One Sided Polarization
Kevin Drum deftly dispatches this Village nonsense about Clinton's polarizing candidacy being particularly toxic especially if she goes up against Giuliani:
But there's a huge difference here. A guy like Giuliani is polarizing because he actively chooses to be. It's part of his persona. He wants people to hate him.
Hillary, by contrast, is polarizing not because she wants to be, but because the right-wing attack machine made her that way. She's "polarizing" only because a certain deranged slice of conservative nutjobs detest her.
And guess what? By this standard, Jimmy Carter is polarizing. Bill Clinton is polarizing. Al Gore is polarizing. John Kerry is polarizing. Do you see the trend here?
There are plenty of good reasons to oppose Hillary Clinton. But anyone who opposes her because she's polarizing is allowing the bottom feeders of modern movement conservativism to dictate who gets to run for president and who doesn't. If we want less polarizing politics, the answer isn't to oppose Hillary Clinton, who, outside the cartoon universe invented by the Wall Street Journal editorial page, holds almost relentlessly orthodox center-left opinions and expresses them in relentlessly garden-variety politician-speak. The answer is to send the right-wing rage machine back under the rock it crawled out from. Anything else is just caving in to bullies.
I would just add that allowing the Village stenographers to pick our presidents lets them off the hook too. They happily join with the neanderthals in carrying these little prophesies into the mainstream. We should not let gossipy junior high backstabbers dictate who our candidates should be either. I don't give a damn if they think Al Gore is a stiff or think that Hillary is bitch or whatever. Nobody elected them to anything. They don't represent anyone but themselves as this poll shows.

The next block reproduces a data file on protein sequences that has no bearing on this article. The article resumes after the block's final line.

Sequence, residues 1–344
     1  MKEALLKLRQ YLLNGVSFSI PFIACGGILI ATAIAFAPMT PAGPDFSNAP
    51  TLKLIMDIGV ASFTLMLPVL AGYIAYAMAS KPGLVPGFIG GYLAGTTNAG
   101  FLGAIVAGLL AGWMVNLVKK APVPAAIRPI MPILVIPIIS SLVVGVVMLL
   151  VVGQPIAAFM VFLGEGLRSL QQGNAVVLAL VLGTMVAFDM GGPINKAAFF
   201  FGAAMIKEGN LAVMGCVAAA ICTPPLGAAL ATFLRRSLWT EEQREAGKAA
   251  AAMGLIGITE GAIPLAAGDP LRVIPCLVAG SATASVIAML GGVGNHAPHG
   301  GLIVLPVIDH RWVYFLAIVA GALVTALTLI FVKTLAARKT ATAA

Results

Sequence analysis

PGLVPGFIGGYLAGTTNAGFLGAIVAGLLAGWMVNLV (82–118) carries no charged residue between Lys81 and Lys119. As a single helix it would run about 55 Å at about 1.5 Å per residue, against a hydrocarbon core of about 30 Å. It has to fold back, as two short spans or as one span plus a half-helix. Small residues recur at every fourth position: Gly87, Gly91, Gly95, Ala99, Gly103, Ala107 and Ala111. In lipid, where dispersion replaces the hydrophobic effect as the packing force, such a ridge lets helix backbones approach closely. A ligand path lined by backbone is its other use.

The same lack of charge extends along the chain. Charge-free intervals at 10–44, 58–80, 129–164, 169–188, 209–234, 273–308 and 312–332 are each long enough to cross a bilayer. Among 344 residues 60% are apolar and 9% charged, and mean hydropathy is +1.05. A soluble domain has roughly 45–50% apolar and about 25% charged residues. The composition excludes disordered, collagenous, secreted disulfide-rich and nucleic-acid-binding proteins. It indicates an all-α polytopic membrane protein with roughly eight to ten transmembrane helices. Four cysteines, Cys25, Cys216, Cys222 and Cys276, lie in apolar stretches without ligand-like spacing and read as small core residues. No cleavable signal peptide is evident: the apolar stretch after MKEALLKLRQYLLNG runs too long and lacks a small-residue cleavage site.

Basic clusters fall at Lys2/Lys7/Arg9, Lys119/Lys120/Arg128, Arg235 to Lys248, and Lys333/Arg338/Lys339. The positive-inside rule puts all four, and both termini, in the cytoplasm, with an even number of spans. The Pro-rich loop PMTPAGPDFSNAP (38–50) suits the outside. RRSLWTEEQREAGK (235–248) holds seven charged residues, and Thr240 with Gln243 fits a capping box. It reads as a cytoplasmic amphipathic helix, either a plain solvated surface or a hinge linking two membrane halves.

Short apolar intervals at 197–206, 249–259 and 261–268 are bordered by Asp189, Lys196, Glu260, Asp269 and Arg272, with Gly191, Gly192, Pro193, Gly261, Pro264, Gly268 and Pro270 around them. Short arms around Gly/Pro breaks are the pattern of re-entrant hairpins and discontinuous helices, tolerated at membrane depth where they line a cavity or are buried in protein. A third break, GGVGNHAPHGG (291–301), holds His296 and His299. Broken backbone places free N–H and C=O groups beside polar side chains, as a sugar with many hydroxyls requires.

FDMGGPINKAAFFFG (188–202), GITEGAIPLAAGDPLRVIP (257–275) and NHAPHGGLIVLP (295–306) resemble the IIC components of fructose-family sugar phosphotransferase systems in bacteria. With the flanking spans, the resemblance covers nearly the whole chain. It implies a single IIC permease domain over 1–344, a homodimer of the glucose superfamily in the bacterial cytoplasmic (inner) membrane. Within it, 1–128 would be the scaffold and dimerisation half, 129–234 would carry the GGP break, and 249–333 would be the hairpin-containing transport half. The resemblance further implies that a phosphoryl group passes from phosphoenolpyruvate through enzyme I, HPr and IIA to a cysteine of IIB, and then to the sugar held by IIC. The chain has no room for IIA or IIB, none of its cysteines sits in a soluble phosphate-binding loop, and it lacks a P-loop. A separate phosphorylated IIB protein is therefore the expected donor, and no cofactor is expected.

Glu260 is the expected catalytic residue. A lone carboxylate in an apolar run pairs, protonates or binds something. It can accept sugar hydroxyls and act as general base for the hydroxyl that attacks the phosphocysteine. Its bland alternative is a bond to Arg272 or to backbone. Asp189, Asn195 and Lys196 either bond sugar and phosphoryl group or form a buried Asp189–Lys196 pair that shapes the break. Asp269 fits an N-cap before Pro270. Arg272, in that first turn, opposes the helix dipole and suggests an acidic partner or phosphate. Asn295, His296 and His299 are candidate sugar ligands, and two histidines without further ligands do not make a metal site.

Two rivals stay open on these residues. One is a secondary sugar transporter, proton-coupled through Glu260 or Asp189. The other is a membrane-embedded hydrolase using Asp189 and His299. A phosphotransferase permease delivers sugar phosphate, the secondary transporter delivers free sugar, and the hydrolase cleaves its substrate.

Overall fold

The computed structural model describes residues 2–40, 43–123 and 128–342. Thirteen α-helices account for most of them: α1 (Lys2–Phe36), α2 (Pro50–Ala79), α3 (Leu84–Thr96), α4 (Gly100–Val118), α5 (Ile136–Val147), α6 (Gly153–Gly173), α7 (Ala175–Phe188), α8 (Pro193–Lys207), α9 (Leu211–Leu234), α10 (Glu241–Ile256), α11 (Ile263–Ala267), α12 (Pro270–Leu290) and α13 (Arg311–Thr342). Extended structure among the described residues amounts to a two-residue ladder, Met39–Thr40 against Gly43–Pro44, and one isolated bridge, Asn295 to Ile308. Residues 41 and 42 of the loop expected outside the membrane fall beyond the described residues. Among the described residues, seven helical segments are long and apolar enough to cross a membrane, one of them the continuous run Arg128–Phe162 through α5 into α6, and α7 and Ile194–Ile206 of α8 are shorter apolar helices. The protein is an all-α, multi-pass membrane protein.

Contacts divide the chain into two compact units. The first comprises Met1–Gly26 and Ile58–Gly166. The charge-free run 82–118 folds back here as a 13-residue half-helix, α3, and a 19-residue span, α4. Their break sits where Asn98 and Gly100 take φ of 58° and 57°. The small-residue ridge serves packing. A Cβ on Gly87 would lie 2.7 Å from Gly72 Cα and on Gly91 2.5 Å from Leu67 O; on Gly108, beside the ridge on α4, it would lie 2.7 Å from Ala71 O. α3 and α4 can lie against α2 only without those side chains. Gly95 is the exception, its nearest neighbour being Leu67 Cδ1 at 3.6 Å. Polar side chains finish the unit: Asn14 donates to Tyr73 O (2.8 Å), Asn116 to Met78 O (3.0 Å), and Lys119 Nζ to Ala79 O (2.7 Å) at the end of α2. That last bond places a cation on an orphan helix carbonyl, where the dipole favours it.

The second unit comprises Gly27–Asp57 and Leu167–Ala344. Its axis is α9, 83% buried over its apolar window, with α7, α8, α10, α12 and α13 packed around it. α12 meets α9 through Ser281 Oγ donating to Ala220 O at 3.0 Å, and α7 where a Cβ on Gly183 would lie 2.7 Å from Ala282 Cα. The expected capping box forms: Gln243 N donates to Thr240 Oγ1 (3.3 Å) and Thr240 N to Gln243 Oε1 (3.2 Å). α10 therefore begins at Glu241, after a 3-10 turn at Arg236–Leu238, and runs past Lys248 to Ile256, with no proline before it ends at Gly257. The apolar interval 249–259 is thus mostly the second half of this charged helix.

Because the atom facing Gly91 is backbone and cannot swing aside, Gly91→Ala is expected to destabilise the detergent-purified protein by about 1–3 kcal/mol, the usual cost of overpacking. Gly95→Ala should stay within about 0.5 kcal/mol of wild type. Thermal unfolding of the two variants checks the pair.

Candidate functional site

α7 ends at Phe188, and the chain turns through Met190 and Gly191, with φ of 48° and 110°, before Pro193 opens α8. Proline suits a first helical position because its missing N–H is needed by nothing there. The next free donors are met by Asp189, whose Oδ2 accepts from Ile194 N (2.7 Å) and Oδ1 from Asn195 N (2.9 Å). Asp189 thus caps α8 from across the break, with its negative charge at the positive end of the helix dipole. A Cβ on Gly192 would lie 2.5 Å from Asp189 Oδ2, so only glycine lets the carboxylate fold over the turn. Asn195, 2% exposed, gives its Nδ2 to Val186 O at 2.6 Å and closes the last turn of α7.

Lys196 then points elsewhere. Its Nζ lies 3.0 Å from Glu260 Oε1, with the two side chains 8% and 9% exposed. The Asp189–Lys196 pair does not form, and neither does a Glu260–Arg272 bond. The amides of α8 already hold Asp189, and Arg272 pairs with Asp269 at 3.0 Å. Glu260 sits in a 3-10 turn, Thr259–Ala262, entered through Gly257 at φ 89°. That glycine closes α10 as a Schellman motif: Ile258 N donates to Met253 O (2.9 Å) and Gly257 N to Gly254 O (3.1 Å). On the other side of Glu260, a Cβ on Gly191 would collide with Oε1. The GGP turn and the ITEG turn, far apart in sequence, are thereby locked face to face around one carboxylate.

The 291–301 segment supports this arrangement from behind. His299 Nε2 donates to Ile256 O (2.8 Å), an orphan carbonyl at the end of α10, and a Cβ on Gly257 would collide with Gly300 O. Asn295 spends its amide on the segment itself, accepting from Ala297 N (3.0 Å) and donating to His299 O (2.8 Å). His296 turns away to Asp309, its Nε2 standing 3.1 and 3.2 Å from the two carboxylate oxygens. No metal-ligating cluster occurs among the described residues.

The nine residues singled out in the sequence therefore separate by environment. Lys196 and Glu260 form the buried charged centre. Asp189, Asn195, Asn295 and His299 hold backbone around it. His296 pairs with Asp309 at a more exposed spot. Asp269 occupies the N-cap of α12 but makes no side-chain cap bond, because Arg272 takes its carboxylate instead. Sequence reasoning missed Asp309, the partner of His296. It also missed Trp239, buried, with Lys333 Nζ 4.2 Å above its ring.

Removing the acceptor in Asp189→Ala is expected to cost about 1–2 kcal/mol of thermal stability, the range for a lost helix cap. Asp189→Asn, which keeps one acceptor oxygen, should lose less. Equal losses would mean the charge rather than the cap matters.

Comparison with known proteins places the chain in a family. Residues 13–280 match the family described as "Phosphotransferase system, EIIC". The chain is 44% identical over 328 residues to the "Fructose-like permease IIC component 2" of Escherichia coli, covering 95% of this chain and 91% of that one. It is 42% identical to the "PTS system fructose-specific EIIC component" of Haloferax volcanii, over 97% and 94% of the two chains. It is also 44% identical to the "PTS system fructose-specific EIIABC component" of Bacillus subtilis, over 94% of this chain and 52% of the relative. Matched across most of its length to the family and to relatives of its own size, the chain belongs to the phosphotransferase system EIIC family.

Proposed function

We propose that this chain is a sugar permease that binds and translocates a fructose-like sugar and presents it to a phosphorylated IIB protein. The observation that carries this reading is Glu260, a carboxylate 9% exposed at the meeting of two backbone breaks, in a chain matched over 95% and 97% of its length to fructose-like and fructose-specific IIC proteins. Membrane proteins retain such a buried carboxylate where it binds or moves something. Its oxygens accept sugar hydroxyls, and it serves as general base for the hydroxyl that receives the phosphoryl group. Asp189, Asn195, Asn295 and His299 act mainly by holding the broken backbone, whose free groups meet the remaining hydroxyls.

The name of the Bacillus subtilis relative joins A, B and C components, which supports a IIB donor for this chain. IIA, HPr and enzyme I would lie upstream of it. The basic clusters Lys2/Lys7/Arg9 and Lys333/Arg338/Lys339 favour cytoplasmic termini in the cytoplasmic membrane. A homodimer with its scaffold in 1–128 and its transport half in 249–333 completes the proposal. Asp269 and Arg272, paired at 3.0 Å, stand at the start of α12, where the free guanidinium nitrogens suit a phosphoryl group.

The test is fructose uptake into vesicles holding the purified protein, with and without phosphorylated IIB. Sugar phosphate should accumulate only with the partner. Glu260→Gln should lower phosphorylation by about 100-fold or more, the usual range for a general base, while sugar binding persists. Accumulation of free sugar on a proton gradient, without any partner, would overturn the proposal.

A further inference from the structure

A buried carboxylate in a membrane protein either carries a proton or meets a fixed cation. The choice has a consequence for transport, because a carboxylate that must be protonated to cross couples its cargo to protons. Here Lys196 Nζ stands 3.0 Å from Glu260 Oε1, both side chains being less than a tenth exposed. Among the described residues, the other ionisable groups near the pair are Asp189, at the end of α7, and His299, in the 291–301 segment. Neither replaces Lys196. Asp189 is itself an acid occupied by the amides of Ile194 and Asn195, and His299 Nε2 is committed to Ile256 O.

Giuliani could theoretically be a transcendent politican in 2008. He's a rare northeastern blue state Republican with all kinds of signifiers that should appeal to independents and Democrats. He was mayor of New York City, for crying out loud. But the Republican base forces every candidate to become polarizing because that's what they like in a candidate. Indeed, that's why Giuliani is doing so well --- he's a nasty piece of work and they can sense it. Their movement is based upon rabid partisan hatred of liberals/Democrats/blacks/"immigrants" and whatever other "other" they've targeted today. It's their fundamental organizing principle.
I have no doubt that Hillary will be polarizing, but it will come from the abject hatred any Democrat inspires on the right (although the fact that she's a woman probably add a little frisson to their loathing.) Look at what they did the John Kerry. Hell, they impeached her husband, a centrist good old boy who advanced a fair portion of their agenda in the name of bipartisan comity. They will loathe and despise Obama, Edwards, Richardson, Dodd or any of the rest with just as much fervor. It's what they do.
(And, by the way, it doesn't matter whether any Dem moves so far to the right that they could give Inhofe a run for his money, the media and the right wing press will portray them as an "ultra-liberal" in thrall to the MoveOn communists. They do that too. There's no sense in changing positions on the issues to try to thread that needle. It's impossible.)
There a many good reasons to be wary of Clinton's candidacy and worry about whether she's the right person for the job in 2008. This isn't one of them and it shows a tremendous weakness of will on our side to even think about it in those terms. As Kevin said, "The answer is to send the right-wing rage machine back under the rock it crawled out from. Anything else is just caving in to bullies."
I'm so sick of caving in to bullies.